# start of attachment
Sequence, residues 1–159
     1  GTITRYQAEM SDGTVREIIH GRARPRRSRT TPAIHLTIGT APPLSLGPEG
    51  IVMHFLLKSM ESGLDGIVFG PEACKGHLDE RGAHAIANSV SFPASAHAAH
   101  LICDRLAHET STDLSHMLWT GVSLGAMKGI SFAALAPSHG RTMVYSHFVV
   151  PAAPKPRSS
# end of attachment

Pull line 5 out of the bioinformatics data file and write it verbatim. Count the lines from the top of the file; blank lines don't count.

   151  PAAPKPRSS